THE BIRTH OF A NATION (1915) properly presented is the greatest film of all time. Before it we have a blank canvas. After it we have everything. It is "THE BIG BANG" of the movies. No one else has taken Griffith's risk nor duplicated his success. Consider that the $2 people paid in 1915 to see THE BIRTH was just 50 cents below then top Broadway prices then think of a single movie today that could command top Broadway prices let alone be seen by over four times the population of America in first release alone. CITIZEN KANE is a great film, yes. Welles was not taking the risk Griffith took. Dismissing THE BIRTH today as racist does both the film and its director a huge dis-service. The film presents an accurate and honest picture of The American Civil War and the Aftermath of Reconstruction from the point of view of the white American South. The attitudes in the film are the attitudes of that time. To fault the film for that is wrong.

1:17 PM  
Blogger Kevin K. said...

My first TV viewing of Kane was underwhelming. Over the years, I grew to appreciate it, especially during the days of home video, as did my feelings toward Kane himself. Initially, I felt sorry for him. As I became more "politically aware" (whatever that means), I hated him. As I matured, I saw him as the great, tragic, human he was. By the time of its 50th anniversary re-release, I came to see the movie not as an overwhelming piece of art, but as an extraordinarily well-made of the 1940s. I haven't seen it since; who knows what I'd think now?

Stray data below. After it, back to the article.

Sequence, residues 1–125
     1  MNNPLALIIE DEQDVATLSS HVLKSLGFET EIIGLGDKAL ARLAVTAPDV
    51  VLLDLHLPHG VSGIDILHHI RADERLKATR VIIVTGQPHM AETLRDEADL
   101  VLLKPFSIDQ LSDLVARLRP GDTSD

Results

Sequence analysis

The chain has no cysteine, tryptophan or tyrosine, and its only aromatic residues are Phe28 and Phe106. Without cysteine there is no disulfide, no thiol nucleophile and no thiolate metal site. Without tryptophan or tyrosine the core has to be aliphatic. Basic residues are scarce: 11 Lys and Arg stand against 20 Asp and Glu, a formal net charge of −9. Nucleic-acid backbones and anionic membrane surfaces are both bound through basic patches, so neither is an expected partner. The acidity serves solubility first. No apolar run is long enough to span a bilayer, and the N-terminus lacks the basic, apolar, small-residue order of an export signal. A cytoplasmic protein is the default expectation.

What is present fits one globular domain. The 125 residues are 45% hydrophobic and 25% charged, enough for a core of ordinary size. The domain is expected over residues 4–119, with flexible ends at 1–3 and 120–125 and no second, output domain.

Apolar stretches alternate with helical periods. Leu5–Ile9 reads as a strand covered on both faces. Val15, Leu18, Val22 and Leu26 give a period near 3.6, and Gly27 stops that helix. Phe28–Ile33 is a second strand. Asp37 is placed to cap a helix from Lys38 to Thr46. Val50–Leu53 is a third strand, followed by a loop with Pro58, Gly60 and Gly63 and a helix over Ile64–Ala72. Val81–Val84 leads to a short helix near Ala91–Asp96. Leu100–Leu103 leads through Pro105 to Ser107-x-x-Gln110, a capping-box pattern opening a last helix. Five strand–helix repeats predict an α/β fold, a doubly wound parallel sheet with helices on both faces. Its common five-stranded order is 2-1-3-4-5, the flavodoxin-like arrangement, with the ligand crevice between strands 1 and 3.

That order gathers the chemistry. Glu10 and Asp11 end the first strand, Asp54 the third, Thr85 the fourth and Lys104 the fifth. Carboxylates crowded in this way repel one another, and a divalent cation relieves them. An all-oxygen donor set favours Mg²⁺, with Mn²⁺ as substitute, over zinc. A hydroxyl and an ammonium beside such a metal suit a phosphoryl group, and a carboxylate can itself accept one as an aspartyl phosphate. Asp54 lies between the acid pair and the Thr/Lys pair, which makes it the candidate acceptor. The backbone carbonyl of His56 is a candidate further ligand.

5:19 PM  
Blogger Reg Hartt said...

When we come to these films we bring too much that gets in the way. We read that these are great films. We see them too often with expectations that get in the way of simply watching them as movies which is how people first saw them. It is the same thing with great books. We read them because they are great which was not how they were first read when new. I have always preferred audiences that are working class as they bring no affectations with them. They demand of great films what they demand of new films. They demand to be impressed. My job as a presenter is to ensure they are impressed which is why students tell me that though they had never felt a film's greatness in the classroom they have often felt it at my presentations. That is because I learned long ago that expectations merely met are not good enough. They must be surpassed. Cecil B. DeMille put it wonderfully, "When people walk in they demand God. They won't come in for God which is why we must offer them the Devil but once they sit down they want God." I am paraphrasing here from memory but I knew the first time I read that he was right. Perhaps that is what is wrong with current cinema. Our expectations are rarely surpassed because we live in an era that denies God so how can God be given to us? CITIZEN KANE gives us God.

6:19 PM